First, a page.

A Toronto company is behind an ambitious plan to build an underwater power transmission line down Lake Champlain and the Hudson River, taking electricity from Quebec to New York City.

The innovative project is the brainchild of Transmission Developers Inc., a company created by former Bay Street investment banker John Douglas.

Since selling his wind power company Ventus Energy Inc. for $140-million in 2007, Mr. Douglas has embarked on startups in the power sector. In 2008 he financed the creation of Riverbank Power Corp. a company that proposes to build several huge, multibillion-dollar underground hydroelectric generating stations in Canada and the United States. Transmission Developers was spun out of Riverbank last year, and its plans are no less ambitious.

TDI’s key project is a $3.8-billion underwater power transmission line that would run 570 kilometres, bringing electricity from Quebec – and possibly Labrador – to New York City. A 100-km spur would run up Long Island Sound to Connecticut.

For most of the route, the cable would be buried along the bottom of Lake Champlain, then down the Hudson River, with small portions buried along railway lines to avoid disturbing PCB-laden underwater sections.

There are many regulatory and financial hurdles still to be dealt with, but the proposal is expected to meet with less resistance than building above ground transmission lines which are far more visible to the public.

TDI also has plans for a 240-km underwater cable carrying renewable power down the Atlantic coast from Maine to Boston.

Mr. Douglas said the idea for the underwater power line technology, which uses high voltage direct current to minimize power loss, was developed by Montreal engineering firm Groupe RSW.

That company came to him with the idea for Riverbank’s technology, which involves water falling down lengthy shafts to generate power underground, and the water being pumped back to the surface at times of the day when electricity prices are low. Essentially, that allows the storage of electric power.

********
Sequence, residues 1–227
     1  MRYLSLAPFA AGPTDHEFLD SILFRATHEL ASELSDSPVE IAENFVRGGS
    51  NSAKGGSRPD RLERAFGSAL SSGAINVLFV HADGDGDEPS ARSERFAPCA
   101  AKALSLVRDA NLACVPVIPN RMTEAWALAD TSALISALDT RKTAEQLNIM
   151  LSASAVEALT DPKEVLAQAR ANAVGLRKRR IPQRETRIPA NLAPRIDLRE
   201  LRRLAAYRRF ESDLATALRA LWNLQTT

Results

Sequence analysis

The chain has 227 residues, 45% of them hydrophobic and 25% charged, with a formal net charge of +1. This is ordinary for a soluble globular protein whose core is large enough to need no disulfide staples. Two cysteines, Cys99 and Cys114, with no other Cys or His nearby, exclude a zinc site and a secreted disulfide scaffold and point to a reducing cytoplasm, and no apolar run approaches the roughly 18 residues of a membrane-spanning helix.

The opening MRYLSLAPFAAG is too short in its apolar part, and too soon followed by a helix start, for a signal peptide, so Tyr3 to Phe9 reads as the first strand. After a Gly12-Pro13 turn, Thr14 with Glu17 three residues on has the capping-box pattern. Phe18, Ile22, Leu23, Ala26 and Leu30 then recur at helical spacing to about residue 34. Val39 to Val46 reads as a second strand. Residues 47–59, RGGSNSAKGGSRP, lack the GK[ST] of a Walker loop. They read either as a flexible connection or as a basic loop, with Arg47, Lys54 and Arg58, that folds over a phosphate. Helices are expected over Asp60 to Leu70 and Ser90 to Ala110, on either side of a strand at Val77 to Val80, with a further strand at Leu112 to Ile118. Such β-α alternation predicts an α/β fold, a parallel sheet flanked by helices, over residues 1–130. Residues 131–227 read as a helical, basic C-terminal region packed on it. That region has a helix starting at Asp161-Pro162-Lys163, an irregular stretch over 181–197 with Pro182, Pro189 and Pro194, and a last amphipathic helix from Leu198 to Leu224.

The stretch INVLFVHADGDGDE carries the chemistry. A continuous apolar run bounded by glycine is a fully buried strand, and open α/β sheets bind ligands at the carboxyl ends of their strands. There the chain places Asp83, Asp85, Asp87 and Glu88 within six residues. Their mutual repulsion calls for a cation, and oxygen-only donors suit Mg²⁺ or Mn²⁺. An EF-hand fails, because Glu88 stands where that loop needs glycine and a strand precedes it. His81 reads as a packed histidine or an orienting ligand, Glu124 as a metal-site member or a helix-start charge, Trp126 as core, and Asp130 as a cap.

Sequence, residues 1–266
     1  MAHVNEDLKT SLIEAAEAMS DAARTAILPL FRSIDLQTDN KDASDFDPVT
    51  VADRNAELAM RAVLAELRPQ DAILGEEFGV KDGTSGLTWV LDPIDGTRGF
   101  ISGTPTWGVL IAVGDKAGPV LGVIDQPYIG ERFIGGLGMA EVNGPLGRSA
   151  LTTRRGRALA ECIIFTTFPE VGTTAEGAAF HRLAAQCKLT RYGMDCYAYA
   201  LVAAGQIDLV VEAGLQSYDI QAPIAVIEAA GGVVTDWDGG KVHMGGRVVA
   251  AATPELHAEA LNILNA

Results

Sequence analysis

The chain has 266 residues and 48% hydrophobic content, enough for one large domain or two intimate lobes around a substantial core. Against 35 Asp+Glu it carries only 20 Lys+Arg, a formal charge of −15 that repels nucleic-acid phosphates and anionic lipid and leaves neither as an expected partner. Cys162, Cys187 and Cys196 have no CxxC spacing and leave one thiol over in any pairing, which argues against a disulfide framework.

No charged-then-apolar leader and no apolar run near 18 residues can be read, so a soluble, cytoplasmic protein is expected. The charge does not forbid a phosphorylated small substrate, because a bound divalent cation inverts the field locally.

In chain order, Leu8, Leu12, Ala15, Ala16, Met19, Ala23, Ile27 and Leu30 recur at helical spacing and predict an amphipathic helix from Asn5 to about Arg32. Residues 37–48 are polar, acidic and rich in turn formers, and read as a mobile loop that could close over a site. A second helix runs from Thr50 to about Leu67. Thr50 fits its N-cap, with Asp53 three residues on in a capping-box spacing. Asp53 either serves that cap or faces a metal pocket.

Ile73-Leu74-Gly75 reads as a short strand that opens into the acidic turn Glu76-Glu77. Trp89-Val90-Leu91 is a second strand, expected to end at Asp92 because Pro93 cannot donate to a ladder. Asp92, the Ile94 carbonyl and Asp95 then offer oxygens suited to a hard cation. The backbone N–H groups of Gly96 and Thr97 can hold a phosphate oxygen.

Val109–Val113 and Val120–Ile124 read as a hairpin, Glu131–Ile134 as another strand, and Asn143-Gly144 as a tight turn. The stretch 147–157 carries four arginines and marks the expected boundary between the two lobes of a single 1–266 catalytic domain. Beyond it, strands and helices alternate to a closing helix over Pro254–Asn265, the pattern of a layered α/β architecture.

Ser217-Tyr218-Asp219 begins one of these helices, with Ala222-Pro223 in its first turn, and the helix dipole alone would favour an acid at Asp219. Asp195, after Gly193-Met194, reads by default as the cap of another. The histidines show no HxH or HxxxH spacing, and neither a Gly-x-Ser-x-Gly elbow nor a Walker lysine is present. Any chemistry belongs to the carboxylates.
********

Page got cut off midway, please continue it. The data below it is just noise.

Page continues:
RSW is a small shareholder of Riverbank and TDI, while Mr. Douglas owns the majority of both firms. His key outside backer at both companies was New York investment firm BlackRock Inc., while another deep-pocketed investor, Blackstone Group, now also has a substantial stake in TDI.

Both Riverbank and TDI involve “great Canadian ideas” which require U.S. financial support, Mr. Douglas said.

He is talking to other large investors about further financing of both companies, and they may consider going public to get the big money needed when construction begins. Mr. Douglas hopes some of those funds will come from Canada. “It just seems a shame that these great ideas keep having to go south of the border to get financed.”

Still, Mr. Douglas has a number of Canadians helping him with the venture. The chief executive officer of TDI is electrical engineer Don Jessome, a former manager at Emera Inc., the Halifax-based energy firm.

Former Ontario premier David Peterson is on the board, and he introduced TDI’s executives to former New York governor George Pataki, who helped them stickhandle that state’s bureaucracy.

But there are many hurdles before TDI gets any cable in place, and not just financial ones. Hydro-Québec, for instance, is supporting a new transmission line through the Northeastern United States, and that could compete with TDI’s planned route for Quebec power exports.

Still, with the growing emphasis on renewable energy, there will be a need for both new transmission facilities and power storage, Mr. Douglas said. Both Riverbank and TDI together “will really help North America achieve its renewable energy objectives, which are pretty ambitious.”

Leave a Reply